In recent months, the UK financial press has been dominated by what would have been the largest ever takeover of a UK company. The US pharmaceutical giant Pfizer was seeking to purchase its Anglo-Swedish competitor AstraZeneca in an eye-popping £69 billion deal. The deal fell through because AstraZeneca (and, of course, its shareholders) rejected the offer as seriously undervaluing the business. Ultimately then, it was a question of market economics but at the time, as readers will recall, there was a big political brouhaha.

The proposed transaction failed but no doubt the advisers were well paid on all sides and this will have cost a great deal. This story broke at the same time that I was getting interested in transactional insurance and I wondered how much insurance protection might have been written. We shall never know the final bill but we can at least consider the types of "products" that might have been employed to manage the risk. Broadly there are three basic lines.

Warranty and indemnity (W&I) insurance provides cover for either the buyer or seller in a transaction (or conceivably both sides). The underlying insurance policy provides protection in cases where a breach of warranty occurs or a claim under an indemnity is made as set out in any Sales Purchase Agreement.

Taxation liability is another "product" that is designed to reduce or eliminate tax exposure. For example, this might arise where underlying legal advice has been provided supporting a particular tax treatment that may be subject to a future challenge by tax authorities.

Finally, contingency insurance is designed to cover a wide variety of legal or other "contingent" costs. These risks need not necessarily relate to a specific transaction. An example could be where a commercial property owner is concerned that his tenants might be evicted because of a challenge by a public authority for breaching zoning regulations. Should they be forced to leave, the buyer might see his "contingent liability" turned into a real one as the rent roll plummets. All of this can be insured.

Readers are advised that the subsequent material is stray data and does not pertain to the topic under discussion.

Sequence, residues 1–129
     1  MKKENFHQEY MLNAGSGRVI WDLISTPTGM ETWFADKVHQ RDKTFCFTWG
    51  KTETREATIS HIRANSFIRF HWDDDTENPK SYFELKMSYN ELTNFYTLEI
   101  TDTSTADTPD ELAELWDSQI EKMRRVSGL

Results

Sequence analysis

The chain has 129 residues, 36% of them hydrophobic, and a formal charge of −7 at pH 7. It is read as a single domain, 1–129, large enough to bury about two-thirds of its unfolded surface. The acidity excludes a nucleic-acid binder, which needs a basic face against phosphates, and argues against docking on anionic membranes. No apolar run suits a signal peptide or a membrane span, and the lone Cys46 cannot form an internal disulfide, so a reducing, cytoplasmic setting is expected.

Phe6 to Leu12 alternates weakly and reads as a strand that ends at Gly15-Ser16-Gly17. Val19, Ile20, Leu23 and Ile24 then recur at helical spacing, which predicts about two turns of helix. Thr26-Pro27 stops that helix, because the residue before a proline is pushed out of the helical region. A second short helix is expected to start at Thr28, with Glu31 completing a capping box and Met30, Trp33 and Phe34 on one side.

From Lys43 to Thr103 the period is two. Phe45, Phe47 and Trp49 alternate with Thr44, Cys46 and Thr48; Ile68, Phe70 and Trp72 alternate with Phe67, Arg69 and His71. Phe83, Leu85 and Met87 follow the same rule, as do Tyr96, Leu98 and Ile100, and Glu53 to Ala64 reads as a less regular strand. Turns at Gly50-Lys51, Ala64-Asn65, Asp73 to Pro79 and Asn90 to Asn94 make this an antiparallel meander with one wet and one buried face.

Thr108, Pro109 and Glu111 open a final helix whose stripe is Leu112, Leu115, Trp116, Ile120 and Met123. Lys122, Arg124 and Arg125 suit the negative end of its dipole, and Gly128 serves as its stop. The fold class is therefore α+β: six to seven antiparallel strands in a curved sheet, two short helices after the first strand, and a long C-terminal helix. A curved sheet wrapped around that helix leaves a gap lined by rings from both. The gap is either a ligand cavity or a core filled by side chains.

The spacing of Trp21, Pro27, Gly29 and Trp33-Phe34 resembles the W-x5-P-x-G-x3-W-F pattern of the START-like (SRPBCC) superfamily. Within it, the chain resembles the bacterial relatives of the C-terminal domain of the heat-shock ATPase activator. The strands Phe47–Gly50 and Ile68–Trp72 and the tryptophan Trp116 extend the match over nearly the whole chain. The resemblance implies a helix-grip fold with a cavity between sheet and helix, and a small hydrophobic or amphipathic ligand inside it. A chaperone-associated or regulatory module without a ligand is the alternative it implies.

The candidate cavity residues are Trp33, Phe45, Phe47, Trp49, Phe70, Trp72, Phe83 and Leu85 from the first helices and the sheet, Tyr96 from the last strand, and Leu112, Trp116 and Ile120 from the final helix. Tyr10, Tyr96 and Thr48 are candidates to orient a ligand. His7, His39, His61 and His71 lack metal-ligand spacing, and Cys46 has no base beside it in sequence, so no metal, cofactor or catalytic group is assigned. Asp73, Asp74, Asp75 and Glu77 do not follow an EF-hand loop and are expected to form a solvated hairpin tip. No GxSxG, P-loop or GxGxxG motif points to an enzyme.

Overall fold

Aside from M&A work, other areas where transactional insurance might be considered would include restructurings and workouts, financing or investments, liquidations and licensing agreements. In other words, transactional insurance could be included in a large part of the legal and corporate advisory work undertaken by Gibraltar firms and for which we have become respected globally.

My good friend James Wilson believes that this market segment presents huge potential. Insuring transactions is clearly increasing in popularity but even so, less than 5% of all worldwide transactions are currently insured. Imagine finding a market where fully 19 out of any 20 possible commercial targets are currently available. It is not difficult then to understand the excitement being generated by this part of the insurance business.

James went on to tell me that the majority of claims – approximately six out of every ten – that are made by such transactional insurance policy holders results from tax or financial valuation. When dealing with corporate M&A, transactional insurance enables parties to transfer risk – and these may relate to both known and unknown threats.

A well thought out transactional insurance policy will facilitate a potential deal as well as providing tangible financial protection for the parties involved. Private equity purchasers were traditionally the main customers for this product. However it is clear that more corporates are now purchasing such protection, so it is to be hoped that the current 5% market take up can only increase – to the benefit of all concerned.

As a keen proponent of any potential upside for Gibraltar firms this is clearly an area that I'd like to see local firms develop. There is definitely potential out there and, as the economic recovery becomes a reality in several key markets, the level of corporate activity in particular is likely to increase. Using transactional insurance serves a very useful purpose in facilitating such deals. I expect local industry players will become more involved in this exciting business, to the benefit not only of themselves but all of us in Gibraltar.

The content of this article is intended to provide a general guide to the subject matter. Specialist advice should be sought about your specific circumstances.